Shortly ahead we came to our only obstacle; the river has washed out the road. We stopped for a moment, assessed the situation, and, not knowing any better; we attempted to ride through it. The water came up to about peddle height, and it was not flowing too fast, and we would have made it all the way across without any issues if it was not for those slippery river rocks.

We each made it about 3/4 of the way through the passing before slipping. We only ended up getting our feet wet, nothing major. It was probably best to walk this section. Find out later in this post if we learned our lesson on the way back :-p

A short distance ahead of the washout is a picnic table and a small open field up against the banks of the river. Here, a sign for Chenuis Falls points toward the river, indicating the falls are on the other side. There is also a foot bridge leading out to the waters. Unfortunately, the bridge does not go very far out. We were not able to cross here. We peddled on.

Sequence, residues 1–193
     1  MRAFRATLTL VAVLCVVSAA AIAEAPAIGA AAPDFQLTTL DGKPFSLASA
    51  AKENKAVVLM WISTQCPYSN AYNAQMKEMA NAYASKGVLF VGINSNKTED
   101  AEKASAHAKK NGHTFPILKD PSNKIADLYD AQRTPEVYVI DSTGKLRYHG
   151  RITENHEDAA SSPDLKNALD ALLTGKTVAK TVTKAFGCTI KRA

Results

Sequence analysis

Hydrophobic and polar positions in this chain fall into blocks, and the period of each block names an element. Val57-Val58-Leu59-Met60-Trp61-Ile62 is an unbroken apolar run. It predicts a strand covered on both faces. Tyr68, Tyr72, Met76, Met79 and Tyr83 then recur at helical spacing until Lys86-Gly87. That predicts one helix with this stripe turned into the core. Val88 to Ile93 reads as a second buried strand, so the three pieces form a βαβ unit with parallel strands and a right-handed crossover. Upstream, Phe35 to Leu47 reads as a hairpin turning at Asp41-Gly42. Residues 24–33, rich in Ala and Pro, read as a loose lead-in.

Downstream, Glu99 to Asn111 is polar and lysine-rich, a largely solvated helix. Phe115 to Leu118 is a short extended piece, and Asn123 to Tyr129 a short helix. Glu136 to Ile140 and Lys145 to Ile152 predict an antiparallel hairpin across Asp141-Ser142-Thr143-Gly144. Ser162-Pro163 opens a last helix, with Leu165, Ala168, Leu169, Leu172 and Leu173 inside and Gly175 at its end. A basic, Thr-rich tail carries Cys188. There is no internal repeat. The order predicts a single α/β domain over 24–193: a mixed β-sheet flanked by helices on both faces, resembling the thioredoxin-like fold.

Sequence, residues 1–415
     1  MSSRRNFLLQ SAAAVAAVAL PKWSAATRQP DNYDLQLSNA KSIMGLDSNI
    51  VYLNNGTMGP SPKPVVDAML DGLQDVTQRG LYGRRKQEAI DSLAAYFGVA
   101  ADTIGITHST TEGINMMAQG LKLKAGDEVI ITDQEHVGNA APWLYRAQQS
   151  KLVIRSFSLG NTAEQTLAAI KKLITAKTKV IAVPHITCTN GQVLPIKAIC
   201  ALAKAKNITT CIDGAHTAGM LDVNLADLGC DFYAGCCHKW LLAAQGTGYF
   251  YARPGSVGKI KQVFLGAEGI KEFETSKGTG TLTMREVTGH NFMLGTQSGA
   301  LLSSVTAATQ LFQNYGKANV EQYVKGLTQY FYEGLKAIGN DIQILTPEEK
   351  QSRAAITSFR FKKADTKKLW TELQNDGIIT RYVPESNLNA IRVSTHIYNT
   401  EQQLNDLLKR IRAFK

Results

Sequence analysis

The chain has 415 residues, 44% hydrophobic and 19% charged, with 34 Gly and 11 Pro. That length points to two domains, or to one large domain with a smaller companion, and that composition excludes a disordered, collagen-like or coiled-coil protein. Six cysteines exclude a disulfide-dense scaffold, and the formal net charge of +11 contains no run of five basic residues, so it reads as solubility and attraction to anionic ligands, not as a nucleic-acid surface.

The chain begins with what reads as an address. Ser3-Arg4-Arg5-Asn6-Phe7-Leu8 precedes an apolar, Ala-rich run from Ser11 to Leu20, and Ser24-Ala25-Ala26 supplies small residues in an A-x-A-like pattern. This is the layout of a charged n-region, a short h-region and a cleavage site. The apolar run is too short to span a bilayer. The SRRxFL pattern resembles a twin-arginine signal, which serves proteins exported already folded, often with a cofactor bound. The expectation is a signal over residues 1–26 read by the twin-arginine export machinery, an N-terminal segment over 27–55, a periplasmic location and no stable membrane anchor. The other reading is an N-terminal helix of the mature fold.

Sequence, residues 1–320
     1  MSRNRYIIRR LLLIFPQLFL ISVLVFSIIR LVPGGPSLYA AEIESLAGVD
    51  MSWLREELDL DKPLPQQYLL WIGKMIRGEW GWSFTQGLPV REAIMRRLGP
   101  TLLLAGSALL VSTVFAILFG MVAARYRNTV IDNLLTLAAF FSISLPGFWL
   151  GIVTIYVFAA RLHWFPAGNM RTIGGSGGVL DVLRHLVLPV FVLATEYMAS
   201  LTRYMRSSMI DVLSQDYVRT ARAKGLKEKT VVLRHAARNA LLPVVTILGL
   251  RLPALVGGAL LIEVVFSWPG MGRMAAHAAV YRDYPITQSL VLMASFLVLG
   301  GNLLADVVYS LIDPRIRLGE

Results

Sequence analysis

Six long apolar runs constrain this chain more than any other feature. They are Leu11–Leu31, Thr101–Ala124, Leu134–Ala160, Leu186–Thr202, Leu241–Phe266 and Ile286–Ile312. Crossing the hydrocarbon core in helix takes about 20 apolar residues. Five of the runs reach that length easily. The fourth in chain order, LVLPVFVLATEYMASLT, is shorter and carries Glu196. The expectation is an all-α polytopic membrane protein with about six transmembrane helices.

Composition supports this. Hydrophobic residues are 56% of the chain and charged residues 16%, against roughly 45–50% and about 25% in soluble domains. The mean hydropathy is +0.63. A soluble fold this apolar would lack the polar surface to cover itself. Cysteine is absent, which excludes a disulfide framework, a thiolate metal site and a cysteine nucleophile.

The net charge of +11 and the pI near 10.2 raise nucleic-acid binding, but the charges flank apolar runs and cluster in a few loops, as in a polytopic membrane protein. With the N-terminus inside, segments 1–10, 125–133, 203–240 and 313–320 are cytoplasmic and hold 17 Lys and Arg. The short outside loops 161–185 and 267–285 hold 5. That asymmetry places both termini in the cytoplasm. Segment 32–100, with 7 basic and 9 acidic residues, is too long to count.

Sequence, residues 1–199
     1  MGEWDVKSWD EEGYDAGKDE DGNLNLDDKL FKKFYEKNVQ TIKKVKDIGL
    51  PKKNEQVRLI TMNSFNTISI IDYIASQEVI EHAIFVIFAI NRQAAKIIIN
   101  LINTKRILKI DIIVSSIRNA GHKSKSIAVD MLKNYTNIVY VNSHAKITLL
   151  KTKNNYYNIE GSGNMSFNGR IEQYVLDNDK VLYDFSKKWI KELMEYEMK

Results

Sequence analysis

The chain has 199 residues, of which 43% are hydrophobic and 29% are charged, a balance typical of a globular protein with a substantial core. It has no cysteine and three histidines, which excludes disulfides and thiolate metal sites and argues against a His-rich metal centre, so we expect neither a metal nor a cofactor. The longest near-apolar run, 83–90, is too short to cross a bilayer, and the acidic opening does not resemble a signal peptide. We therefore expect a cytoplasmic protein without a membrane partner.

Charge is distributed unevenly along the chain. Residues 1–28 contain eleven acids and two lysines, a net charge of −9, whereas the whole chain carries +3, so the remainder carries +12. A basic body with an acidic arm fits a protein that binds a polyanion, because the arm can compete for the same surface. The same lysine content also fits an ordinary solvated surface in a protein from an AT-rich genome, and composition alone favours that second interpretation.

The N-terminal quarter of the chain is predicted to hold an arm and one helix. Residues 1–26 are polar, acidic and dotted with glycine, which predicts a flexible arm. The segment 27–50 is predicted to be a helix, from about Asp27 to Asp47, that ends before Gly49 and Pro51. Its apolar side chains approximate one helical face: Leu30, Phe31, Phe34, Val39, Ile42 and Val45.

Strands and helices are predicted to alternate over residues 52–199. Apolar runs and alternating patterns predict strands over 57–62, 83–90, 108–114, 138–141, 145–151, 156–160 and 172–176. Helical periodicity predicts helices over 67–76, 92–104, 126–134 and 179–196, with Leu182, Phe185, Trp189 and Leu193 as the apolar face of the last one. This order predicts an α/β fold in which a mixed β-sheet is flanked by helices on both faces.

At this point, the road becomes rougher, rockier, and has some slight hills. It was becoming more fun! We rode on, knowing we were just about to our destination.

We reached a bridge crossing over Ipsut Creek. On the other side was the campground. As we crossed over, we heard some nearby animal noise that had us a bit concerned. It was close by, but we could not spot it. We heard it 3-4 times. A low, grunting, growling sort of noise, likely Bigfoot (all uncertain sounds in the forest are Bigfoot).

We took a short break to explore, re-hydrate, and snap some photos. As we were doing this, two more bikers arrived. We had a brief conversation about the hiking trails further up. They complimented us on our bikes and wished they had the bigger tires for a smoother ride.